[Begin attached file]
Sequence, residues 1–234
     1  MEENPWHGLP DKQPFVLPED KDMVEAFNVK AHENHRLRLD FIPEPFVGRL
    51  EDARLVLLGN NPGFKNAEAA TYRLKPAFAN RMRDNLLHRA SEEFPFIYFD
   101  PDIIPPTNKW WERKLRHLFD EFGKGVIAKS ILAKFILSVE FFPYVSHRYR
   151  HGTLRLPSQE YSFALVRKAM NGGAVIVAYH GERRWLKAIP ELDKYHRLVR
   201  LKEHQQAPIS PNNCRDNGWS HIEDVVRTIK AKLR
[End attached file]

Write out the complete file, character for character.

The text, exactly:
Sequence, residues 1–234
     1  MEENPWHGLP DKQPFVLPED KDMVEAFNVK AHENHRLRLD FIPEPFVGRL
    51  EDARLVLLGN NPGFKNAEAA TYRLKPAFAN RMRDNLLHRA SEEFPFIYFD
   101  PDIIPPTNKW WERKLRHLFD EFGKGVIAKS ILAKFILSVE FFPYVSHRYR
   151  HGTLRLPSQE YSFALVRKAM NGGAVIVAYH GERRWLKAIP ELDKYHRLVR
   201  LKEHQQAPIS PNNCRDNGWS HIEDVVRTIK AKLR